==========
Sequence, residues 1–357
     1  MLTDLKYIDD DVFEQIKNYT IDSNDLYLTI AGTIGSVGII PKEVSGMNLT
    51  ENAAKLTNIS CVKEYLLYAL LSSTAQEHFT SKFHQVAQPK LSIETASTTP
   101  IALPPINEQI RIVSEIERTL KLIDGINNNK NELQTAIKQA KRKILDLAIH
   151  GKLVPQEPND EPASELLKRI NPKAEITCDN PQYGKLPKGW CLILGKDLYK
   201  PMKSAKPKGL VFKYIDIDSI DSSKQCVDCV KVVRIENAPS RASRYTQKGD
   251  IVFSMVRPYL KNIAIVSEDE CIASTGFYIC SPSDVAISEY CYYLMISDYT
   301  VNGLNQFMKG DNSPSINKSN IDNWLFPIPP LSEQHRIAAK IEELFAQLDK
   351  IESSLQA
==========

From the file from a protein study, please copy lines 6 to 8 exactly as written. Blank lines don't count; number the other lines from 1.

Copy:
   201  PMKSAKPKGL VFKYIDIDSI DSSKQCVDCV KVVRIENAPS RASRYTQKGD
   251  IVFSMVRPYL KNIAIVSEDE CIASTGFYIC SPSDVAISEY CYYLMISDYT
   301  VNGLNQFMKG DNSPSINKSN IDNWLFPIPP LSEQHRIAAK IEELFAQLDK